” Trapped in His Own Pincers.”

Posted By: September 12, 2013

  Note : Irish News columnist explains how he sees the problems facing First Minister, Peter Robinson.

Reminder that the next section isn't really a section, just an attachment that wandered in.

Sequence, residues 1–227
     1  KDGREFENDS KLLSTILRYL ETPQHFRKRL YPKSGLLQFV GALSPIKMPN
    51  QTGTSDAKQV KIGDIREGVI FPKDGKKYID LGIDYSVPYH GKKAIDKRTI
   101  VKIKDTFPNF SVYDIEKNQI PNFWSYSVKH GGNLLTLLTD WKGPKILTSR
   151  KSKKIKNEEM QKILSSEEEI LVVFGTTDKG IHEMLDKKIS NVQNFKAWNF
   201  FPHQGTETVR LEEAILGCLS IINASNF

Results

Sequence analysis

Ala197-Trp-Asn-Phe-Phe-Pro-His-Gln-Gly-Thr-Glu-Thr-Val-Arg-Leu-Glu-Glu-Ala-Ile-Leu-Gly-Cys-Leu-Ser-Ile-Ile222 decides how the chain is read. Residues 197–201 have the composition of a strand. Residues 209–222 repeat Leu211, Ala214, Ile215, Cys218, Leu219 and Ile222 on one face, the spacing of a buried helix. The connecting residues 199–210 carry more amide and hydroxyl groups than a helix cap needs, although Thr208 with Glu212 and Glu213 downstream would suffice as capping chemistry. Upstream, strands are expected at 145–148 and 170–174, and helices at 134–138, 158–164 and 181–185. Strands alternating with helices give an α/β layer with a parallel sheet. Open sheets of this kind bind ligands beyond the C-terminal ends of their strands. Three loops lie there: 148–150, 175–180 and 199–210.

ROBINSON BACK FACING AN IRRESISTIBLE FORCE Newt Emerson. Thursday, September 12, 2013 PETER Robinson is back and vowing to fight the next three elections, taking him up to the assembly contest in 2016. But what will he be fighting against? In 2011, before he uncorked the loyalist genie, Robinson’s opponent was clear. He was fighting the trend towards a three-party system. ‘Party’ is perhaps too neat a term to describe this future prospect. A three-centre system might be a better description. But whether each centre comprises one party or several operating in pacts, the logic is inescapable. There is only a role in our politics for one unionist and one nationalist big beast, leaving enough space between them for a third beast. This third beast does not have to be very big to roar. With unionism and nationalism heading for a tie just below outright majorities, the balance of the vote is easy to attain. In fact, Alliance managed this in the last Stormont and council elections in terms of ballots (if not quite seats) and the last Westminster election in terms of seats (if not quite ballots). Alliance is the obvious nucleus for a third force, not that Robinson will be using that expression. It is a limited and problematic party for such a development, being de-facto unionist, confined to greater Belfast and boosted by a nationalist tactical vote that will peel away as nationalism grows. But at a persistent 7 per cent Alliance can shrink significantly and still be crucial for years as unionism slips slowly below 50 per cent (at Stormont it is on 51.5 per cent). The only thing stopping Alliance from translating the balance of the vote into the balance of power are Stormont’s power sharing rules, specifically the requirement to designate as nationalist or unionist plus the ban Sinn Fein and the DUP introduced at St Andrew’s against switching designations mid-term. In a hung assembly these rules would look increasingly untenable as every controversial vote that passed would be passed by a minority (usually a unionist minority). The present DUP and Sinn Fein positions on power-sharing could reverse as unionists try to save their veto, creating a spectacle that would only benefit Alliance and enhance the pressure for reform. In 2011, there was little doubt that Robinson had run this scenario through his political calculator. Alliance was in the ascendency with Naomi Long ensconced in east Belfast, David Ford assuming the justice ministry and party strategists eyeing up the carcass of the UUP. Robinson’s response was a pincer movement, coming after Alliance’s moderate unionist vote with grand speeches on integrated education and the evils of a “them and us” society, then coming after Alliance’s loyalist vote in east Belfast with the infamous leaflet on Belfast City Council’s union flag. It is commonplace to say that the flag leaflet was about Robinson getting his Westminster seat back from Long. This is also a little too neat. The leaflet was about the third force threat to unionist dominance in general, as epitomised by Belfast City Council. Robinson has long viewed Belfast City Council as an analogue of Stormont, unfettered by power-sharing rules. During the DUP’s anti-agreement years he prominently cited the council as a model of functioning majority rule. Yet by the time Belfast witnessed Robinson’s life-long dream of the DUP swallowing up the UUP, Alliance held the balance of power and was dictating to everyone else under electoral conditions almost identical to Northern Ireland as a whole. Robinson must have seen this as a portent of Stormont’s future, spoiling his majoritarian hope for Stormont reform. So Alliance had to be swallowed up as well. We now know that Robinson became trapped in his own pincers as the loyalist gambit ran out of control. It seems laughable to talk of a third force after the ensuing polarisation. Alliance has lost its important loyalist vote, may lose defecting UUP voters to NI21 and can do little about either without alienating the bulk of its supporters. However, the fundamental logic of a three-party system persists and the numbers still add up to the same conclusion. Unionism is set to lose its majority and Alliance is set to hold the balance of the vote, probably for decades. What has changed is that the DUP can no longer come after Alliance with a pincer. Loyalists and moderate unionists have been driven so far apart that, for the foreseeable future, Robinson must pander to one and abandon the other. His choice will set the tone for as long as he remains. Our Columnists • image descriptionNewton Emerson Newton Emerson • image descriptionJim Gibney Jim Gibney • image descriptionAnne Hailes Anne Hailes • image descriptionWilliam Scholes William Scholes iPad & iPhone edition Itunes Store Subscribe Now Subscribe Now View Media Pack View Media Pack Socialize With Us! • facebook • twitter • linkdlnk Contact Us • Reader Holidays • Photo Sales • Croke Park Trip • WEA • Memoriams Cards • Careers • Classified • Coaching days Back to top Fr. Sean Mc Manus President Irish National Caucus P.O. BOX 15128 Capitol Hill Washington, DC 20003-0849 Tel. 202-544-0568 Fax. 202-488-7537 sean@irishnationalcaucus.org